Evaluating mine safety legislation in Queensland
|Collections||ANU School of Regulation and Global Governance (RegNet)|
|Title:||Evaluating mine safety legislation in Queensland|
mine safety legislation
|Publisher:||The Australian National University, The National Research Centre for OHS Regulation (NRCOHSR)|
|Series/Report no.:||Working Paper (National Research Centre for OHS Regulation (NRCOHSR), The Australian National University) ; No. 42|
For historical and arguably pragmatic reasons, the mining industry in Queensland has always been the subject of a separate OHS regulatory regime, enforced by an independent mines inspectorate. One consequence of this separation of mining from mainstream OHS has been to isolate the industry from legislative and regulatory developments elsewhere. What became regarded as “best practice regulation” as regards OHS generally was largely ignored by the mining sector, its policy makers and its regulators, who continued to adopt forms of regulation which “mainstream” regulators had long rejected as unlikely to reduce levels of work related injury and disease to anything approaching acceptable levels.2 However belatedly, all this is now changing. Statutory changes were made in Queensland in 1999 with the introduction of the Coal Mining Safety and Health Act 1999 (QLD) (CMSHA 1999) and the Mining and Quarrying Safety and Health Act 1999 (QLD) (MQSHA 1999). It is these statutes that are the principal subject matter of this working paper, which has three purposes: (i) to provide an overview of the traditional approach to mine safety regulation and its limitations; (ii) to describe the main features of the new generation of mine safety legislation in Queensland; and (iii) to critically evaluate contemporary arrangements and identify what further reforms may be desirable. However, it does not purport to address either the role of worker participation, or enforcement and penalties.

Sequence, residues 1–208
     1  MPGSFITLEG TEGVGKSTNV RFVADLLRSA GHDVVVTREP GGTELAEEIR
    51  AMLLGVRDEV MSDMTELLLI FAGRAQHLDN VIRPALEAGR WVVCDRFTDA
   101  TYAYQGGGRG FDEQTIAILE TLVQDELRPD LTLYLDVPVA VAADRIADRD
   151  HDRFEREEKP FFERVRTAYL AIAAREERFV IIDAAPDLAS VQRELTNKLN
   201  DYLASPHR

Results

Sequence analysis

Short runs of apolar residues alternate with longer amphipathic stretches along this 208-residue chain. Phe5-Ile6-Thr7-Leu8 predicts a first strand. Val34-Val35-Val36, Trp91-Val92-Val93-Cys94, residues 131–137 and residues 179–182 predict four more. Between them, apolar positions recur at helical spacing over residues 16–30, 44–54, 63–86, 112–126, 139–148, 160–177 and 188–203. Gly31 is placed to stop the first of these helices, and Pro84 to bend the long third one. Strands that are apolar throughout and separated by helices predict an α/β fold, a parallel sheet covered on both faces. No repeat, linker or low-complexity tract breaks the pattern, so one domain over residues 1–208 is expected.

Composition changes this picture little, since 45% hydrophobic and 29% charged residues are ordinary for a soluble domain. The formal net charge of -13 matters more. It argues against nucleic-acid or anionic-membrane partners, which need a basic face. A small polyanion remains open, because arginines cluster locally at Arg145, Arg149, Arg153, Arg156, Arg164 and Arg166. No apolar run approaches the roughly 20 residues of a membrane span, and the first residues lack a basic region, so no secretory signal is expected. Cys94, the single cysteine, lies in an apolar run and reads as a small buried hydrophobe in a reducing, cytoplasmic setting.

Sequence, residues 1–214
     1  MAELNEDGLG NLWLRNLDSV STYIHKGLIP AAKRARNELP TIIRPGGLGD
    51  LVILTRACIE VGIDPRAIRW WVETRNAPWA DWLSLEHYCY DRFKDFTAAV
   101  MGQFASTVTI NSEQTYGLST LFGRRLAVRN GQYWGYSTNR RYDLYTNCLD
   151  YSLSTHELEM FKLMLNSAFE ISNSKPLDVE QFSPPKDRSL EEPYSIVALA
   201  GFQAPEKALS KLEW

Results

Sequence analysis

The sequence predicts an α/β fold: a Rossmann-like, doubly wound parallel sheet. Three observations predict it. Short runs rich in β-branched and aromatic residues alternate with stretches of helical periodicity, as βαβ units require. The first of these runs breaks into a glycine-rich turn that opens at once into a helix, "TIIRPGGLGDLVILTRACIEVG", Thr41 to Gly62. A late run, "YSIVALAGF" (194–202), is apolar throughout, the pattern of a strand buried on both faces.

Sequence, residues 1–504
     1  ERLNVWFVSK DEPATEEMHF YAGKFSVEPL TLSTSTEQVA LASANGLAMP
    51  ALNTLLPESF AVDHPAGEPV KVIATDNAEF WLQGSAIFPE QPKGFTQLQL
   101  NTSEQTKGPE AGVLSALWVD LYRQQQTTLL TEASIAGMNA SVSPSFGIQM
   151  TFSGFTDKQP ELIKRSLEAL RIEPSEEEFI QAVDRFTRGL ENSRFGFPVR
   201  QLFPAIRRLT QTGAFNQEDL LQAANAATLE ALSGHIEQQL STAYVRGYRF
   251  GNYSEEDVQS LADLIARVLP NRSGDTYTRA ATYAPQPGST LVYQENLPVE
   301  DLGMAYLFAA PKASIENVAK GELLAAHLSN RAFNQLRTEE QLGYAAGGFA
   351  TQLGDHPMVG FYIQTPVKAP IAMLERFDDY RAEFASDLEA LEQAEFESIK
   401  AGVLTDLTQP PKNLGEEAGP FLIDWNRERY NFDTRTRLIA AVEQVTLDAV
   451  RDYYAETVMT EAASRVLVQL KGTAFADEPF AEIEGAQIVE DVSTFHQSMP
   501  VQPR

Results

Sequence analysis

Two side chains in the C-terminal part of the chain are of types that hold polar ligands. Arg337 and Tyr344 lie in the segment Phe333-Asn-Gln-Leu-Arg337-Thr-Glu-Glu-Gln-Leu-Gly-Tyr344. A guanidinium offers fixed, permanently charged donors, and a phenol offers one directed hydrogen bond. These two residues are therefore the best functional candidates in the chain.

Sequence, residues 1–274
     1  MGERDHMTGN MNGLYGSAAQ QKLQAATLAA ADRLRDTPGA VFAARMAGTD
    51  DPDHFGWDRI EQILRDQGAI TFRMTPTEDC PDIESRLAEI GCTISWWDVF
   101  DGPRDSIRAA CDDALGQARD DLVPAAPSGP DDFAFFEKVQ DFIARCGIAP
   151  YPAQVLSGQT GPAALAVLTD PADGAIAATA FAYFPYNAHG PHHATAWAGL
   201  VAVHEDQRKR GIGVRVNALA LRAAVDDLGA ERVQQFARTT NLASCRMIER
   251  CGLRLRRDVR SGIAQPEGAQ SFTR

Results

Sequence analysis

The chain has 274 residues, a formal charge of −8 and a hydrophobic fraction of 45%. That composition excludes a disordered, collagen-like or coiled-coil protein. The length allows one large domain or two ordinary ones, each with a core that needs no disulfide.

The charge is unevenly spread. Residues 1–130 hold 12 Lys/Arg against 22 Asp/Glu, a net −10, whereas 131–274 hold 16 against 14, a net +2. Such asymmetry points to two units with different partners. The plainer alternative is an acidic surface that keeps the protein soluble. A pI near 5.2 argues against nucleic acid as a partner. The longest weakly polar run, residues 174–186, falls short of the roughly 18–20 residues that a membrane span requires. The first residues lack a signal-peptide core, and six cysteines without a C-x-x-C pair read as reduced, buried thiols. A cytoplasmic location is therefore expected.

|wp42-qldmine.pdf||187.58 kB||Adobe PDF|
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